Cantor Accuses Democrats of Using Threats, Violence to Score Points

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Some heavy stuff from House Minority Whip Eric Cantor today: the congressman held a press conference on Capitol Hill to address the threats and vandalism aimed at Democratic lawmakers and the general impression that violence is brewing among disturbed and angry opponents of health care reform.

Cantor's take: he blames Democrats for using these threats to gain political footing, and he named names, calling out Democratic Congressional Campaign Committee Chairman Chris Van Hollen and Democratic National Committee Chairman Tim Kaine.

Cantor spoke not long after House Minority Leader John Boehner held a press conference this morning to forcefully denounce threats that have been made.

But that's not all: Cantor revealed that someone shot a bullet through the window of his own campaign office in Richmond.

Here's part of what Cantor said at the press conference, where he delivered a prepared statement and then left without taking questions (transcribed hastily from TV coverage):

There've been a lot of reports and the potential for violence against members of Congress over the past several days. Let me be clear: I do not condone violence, there are no leaders in this building, no rank and file members in this building that condone violence, period...

I've received threats...not only for my positions, but also because I'm Jewish...

Just recently I have been directly threatened. A bullet was shot through the window of my campaign office in Richmond this week...

I want to stress this, and it's very important. Legitimate threats should be treated as security issues, and they should be dealt with by the appropriate law enforcement officials. It is reckless to use these incidents as media vehicles for political gain. That is why I have deep concerns DCCC Chairman Chris Van Hollen and DNC Chairman Tim Kaine in particular are dangerously fanning the flames by suggesting that these incidents be used as a political weapon. Security threats against members of Congress is not a partisan issue, and they should never be treated that way. To use such threats as political weapons is reprehensible. I'm not naive enough to think that letters, statements, or press releases will prevent anyone disturbed enough to commit violence from acting. But I do know that such letters, statements and press releases can very easily fan the flames by ratcheting up the rhetoric. Some will only inflame these situations to dangerous levels. Enough is enough, it has to sop. We need to move forward and get back to addressing the important issues facing our nation and let law enforcement handle these situations.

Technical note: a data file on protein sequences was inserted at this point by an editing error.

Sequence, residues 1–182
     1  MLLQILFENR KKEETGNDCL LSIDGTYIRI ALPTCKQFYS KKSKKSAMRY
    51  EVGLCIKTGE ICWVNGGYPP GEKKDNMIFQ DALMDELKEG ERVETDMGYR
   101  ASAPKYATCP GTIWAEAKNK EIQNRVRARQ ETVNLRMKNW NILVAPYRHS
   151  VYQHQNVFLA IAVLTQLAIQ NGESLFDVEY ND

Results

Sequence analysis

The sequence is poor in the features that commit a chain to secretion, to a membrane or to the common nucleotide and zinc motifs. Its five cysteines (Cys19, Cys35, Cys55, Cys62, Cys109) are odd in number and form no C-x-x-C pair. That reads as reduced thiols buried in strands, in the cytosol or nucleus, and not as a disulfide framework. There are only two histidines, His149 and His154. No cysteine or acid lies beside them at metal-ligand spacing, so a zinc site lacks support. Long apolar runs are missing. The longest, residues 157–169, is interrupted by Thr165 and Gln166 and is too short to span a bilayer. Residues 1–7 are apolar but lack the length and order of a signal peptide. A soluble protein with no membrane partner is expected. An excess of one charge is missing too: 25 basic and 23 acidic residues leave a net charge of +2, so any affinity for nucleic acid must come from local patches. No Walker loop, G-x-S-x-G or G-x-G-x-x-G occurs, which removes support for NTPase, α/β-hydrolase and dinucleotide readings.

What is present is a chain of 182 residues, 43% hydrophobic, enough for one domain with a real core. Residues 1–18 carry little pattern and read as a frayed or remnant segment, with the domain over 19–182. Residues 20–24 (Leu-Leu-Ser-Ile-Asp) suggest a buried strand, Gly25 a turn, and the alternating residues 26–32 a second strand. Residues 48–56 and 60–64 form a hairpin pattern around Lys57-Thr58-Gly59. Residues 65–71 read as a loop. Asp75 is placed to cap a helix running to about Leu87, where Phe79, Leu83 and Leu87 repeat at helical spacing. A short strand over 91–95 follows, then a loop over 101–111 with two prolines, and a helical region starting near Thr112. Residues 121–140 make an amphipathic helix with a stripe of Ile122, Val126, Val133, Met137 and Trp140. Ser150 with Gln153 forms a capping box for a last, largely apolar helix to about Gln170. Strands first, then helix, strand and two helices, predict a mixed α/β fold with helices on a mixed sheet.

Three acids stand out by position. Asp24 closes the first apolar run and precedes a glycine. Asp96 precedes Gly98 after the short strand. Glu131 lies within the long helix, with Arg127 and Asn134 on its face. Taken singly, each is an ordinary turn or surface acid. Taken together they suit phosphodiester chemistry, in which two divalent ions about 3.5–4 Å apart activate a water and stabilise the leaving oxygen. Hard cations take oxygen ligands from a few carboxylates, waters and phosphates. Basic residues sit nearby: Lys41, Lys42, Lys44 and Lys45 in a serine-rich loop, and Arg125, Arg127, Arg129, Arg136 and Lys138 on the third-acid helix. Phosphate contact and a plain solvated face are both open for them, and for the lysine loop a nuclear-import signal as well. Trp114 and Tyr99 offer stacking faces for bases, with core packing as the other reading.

The DCCC and the DNC will surely have something to say about this; I'll update this post when they do. (UPDATE: see the response from DNC Communications Director Brad Woodhouse below.)

Since Sunday's vote, Kaine and Van Hollen both accused Republican leaders of inciting threats and vandalism.

The DNC also sent out a fundraising e-mail from Kaine that referenced vandalism and attack ads--but not any death threats--asking for money to help Democrats confront political pressure. The DNC's high-metabolism press shop has forwarded news stories to reporters about the various threats--but that's about it.

The DNC routinely pulls quotes from the news stories it forwards; since Sunday, it has done little, if any, editorializing in forwarding these stories. (The most damaging pull-quote, probably, was Rep. Steve Driehaus's accusation that Boehner had agitated violence against him by predicting he'd be a "dead man" when he returned to his home district.)

Van Hollen, meanwhile, also sent out a fundraising e-mail Sunday afternoon highlighting the racial and homophobic epithets hurled at Reps. John Lewis and Barney Frank outside the Capitol the previous day. But there haven't been any more press releases or letters from the DCCC, that I'm aware of.

UPDATE: Response from DNC Communications Director Brad Woodhouse:

We disagree with the charge made by Rep. Cantor today that Democrats are using acts of violence for political gain.   Let's be clear: calling on Republican leaders who have contributed in part to this anger by wildly mischaracterizing the substance and motives of health reform to condemn these acts is entirely appropriate.  Instead of distracting from the issue with more attacks, we would again ask Mr. Cantor and other Republicans, as we did yesterday, to join Chairman Kaine in working to ratchet down the rhetoric, condemn deplorable behavior and find ways to disagree on these issues without the charged rhetoric that we've been hearing from Republican leaders. 


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Chris Good is a political reporter for ABC News. He was previously an associate editor at The Atlantic and a reporter for The Hill.

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